“It seemed like every time we tried to take a shot they (the Beavers) were right there,” senior guard DaVonte Lacy said. “They used it to their advantage kind of like a Syracuse 2-3 — using their length to their advantage…they did a good job.”
The Beavers (12-5, 3-2) also pressed the Cougars (9-8, 3-2) often, which helped OSU slow down the game and prevented the up-tempo Cougars from getting in a rhythm on offense.
“They run it really well…we knew that coming into the game,” junior guard Brett Boese said. “We had a lot of open looks and a lot of open shots — credit to them they play great defense and made big shots.”
With Washington State trailing 21-12, coach Ernie Kent inserted freshman guard Trevor Dunbar into the lineup with hope of speeding up the game and creating more shot opportunities for the Cougars.
“I felt he did a good job when he got in the game,” Kent said. “He was able to get into the lane and I remember he gave three, four guys great looks…he did exactly what we needed him to do.”
Though Dunbar sped up the game and gave his teammates good looks, the Cougars' shooting woes continued. Oregon State led 25-16 at halftime.
Lacy was scoreless in the first half. Kent said that Lacy was still banged up from Thursday's Oregon game -- the result of banging knees late in the contest -- and didn’t know how much the Tacoma native would play against the Beavers.
“I thought he did a good job of gutting himself through it and trying to push himself,” Kent said.
Lacy would eventually find his game in the second half, scoring 16 points on 4 of 8 shooting from the field.
With the Cougars struggling for offense, WSU decided to attack the basket in the second half, with the hopes of getting to the free throw line. The Cougars shot 12 of 14 from the foul line in the second half.
“We didn’t get a lot done inside to start the game and then we started settling for jump shots and obviously that wasn’t working because we were missing shots, so we tried to put it on the floor and attack more, particularly late to kind of lengthen the game by getting to the free throw line,” Kent said.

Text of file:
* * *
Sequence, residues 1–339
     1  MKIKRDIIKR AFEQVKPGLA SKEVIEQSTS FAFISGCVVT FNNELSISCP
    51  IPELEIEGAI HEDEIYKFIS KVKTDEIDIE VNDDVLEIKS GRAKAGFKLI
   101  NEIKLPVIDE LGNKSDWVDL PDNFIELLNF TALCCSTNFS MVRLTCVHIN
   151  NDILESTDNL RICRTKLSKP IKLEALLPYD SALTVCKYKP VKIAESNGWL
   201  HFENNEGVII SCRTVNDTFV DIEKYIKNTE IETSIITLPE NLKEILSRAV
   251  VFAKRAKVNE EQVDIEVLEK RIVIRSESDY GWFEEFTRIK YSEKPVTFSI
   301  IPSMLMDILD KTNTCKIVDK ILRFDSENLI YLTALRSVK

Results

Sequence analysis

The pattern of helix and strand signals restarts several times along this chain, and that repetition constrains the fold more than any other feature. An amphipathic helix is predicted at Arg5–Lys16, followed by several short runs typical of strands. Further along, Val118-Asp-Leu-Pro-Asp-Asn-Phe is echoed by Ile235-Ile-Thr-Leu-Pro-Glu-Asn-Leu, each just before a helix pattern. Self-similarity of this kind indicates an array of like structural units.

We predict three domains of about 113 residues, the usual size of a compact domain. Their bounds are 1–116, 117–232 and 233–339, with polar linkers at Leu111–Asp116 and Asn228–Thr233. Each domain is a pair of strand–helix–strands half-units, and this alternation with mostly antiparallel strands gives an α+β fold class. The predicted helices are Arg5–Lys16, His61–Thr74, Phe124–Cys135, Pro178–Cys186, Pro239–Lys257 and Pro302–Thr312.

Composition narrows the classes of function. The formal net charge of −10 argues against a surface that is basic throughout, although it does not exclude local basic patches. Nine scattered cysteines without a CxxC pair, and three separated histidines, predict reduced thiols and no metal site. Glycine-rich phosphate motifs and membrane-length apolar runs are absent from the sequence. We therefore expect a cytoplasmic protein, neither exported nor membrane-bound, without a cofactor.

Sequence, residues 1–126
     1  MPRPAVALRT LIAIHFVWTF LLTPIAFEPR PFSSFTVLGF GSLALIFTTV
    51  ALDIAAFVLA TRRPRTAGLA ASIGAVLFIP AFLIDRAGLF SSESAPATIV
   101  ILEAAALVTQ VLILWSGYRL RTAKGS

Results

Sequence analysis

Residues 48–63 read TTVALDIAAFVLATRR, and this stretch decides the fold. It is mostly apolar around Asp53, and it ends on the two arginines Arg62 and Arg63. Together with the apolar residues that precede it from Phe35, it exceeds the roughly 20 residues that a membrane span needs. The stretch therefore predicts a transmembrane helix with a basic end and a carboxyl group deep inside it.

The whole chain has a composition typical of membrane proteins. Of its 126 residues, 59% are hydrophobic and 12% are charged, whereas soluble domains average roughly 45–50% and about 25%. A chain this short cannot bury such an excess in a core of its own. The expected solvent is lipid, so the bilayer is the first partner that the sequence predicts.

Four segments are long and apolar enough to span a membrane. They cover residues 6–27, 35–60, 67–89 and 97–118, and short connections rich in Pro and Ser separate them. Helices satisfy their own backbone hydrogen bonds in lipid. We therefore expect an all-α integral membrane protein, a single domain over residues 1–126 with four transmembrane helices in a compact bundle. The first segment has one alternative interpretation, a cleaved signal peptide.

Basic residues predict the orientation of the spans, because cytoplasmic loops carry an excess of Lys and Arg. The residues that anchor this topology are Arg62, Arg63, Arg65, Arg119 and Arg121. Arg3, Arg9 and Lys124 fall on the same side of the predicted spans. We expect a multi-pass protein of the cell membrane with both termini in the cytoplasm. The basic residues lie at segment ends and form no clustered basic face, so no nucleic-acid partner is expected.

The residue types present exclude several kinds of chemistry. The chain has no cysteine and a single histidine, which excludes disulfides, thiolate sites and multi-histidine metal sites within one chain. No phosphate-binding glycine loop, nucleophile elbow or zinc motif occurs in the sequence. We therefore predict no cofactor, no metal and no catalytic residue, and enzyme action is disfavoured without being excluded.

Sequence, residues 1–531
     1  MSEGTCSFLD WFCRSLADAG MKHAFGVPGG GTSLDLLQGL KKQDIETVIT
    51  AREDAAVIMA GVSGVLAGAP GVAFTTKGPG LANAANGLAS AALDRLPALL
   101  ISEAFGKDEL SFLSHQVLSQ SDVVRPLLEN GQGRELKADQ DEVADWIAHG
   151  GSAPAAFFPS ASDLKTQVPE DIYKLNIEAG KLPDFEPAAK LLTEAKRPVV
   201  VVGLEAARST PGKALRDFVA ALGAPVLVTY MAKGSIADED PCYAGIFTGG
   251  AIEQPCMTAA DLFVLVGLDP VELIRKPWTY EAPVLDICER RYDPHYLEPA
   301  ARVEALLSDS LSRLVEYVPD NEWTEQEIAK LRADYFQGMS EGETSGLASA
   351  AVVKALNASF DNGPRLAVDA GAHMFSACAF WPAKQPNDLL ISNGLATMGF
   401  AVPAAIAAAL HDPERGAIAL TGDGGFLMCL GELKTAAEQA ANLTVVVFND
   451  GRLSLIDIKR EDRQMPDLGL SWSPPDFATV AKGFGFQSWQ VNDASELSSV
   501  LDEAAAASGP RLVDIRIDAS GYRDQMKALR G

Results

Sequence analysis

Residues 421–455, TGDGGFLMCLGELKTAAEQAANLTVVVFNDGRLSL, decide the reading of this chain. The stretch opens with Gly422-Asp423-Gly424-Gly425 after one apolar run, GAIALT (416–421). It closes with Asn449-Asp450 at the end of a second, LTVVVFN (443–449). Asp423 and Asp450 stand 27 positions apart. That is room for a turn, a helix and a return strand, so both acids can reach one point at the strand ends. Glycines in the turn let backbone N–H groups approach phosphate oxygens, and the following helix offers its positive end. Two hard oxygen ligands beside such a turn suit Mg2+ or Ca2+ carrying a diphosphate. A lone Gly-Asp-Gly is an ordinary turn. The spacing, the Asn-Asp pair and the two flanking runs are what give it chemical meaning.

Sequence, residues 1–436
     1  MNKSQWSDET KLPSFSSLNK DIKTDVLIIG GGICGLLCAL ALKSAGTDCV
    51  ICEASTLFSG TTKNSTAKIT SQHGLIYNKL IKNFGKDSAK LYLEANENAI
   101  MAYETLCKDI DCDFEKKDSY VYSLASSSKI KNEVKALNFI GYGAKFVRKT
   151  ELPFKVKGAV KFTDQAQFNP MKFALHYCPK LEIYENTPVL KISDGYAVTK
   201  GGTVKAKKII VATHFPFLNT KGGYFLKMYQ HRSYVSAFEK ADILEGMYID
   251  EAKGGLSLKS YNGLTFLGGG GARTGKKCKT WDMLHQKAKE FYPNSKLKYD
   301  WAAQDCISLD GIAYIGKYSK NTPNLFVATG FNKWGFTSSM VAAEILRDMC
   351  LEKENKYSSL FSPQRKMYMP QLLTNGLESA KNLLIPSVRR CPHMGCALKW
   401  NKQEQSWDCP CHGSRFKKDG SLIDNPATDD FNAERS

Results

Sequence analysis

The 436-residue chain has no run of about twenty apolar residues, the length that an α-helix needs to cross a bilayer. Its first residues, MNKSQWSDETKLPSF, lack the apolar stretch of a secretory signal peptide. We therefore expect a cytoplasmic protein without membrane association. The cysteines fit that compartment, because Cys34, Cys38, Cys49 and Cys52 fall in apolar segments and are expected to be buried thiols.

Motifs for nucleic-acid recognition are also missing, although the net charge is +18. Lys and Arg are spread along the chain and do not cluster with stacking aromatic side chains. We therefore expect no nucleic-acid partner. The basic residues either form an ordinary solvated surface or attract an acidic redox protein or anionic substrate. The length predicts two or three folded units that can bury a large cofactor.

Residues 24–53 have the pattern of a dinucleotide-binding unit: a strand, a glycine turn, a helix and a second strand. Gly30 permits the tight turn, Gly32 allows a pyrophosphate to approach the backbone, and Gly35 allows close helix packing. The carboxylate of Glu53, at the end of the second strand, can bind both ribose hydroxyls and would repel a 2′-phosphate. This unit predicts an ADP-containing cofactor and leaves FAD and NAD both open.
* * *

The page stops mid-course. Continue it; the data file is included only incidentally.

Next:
The late free throw shooting helped cut the deficit to eight points with 3:33 left in the game. But Oregon State responded when with a jumper by Gary Payton II that seemed to suck the life from Beasley Coliseum.
“It’s always tough because we’re working our tail off to get back in the game and we hit some big shots and they come down and you know Langston (Morris-Walker) will hit a three and get the lead back to 12,” sophomore forward Josh Hawkinson said. “I don’t think we fought hard enough in the second half to come back like we wanted to.”
Beaver junior guard Langston Morris-Walker finished the game with 22 points and 11 rebounds.
“He made big shots,” Kent said. “He hit some big threes — when you look at them you think they’re not the greatest offensive team…he had some big shots and made us pay pretty much every time we had the double team. So again by getting behind and getting stagnant, having to change the way you play — having to press more and do some things that are uncharacteristic, he stepped up then and made you pay for doing those things.
The Cougars play at Utah at 6 p.m. Wednesday, televised on the Pac-12 Network.
“It’s huge (we stay confident) because that crowd is going to be so loud — it’s going to be packed,” Lacy said. “They’re a good team — a top-10 team in the country — obviously they played another top team in Arizona so we need to come out ready to play — it’s going to be huge that we continue to play our style again and continue our confidence of shooting the ball because we all can shoot. We have to go in there and battle because it’s not going to be easy.”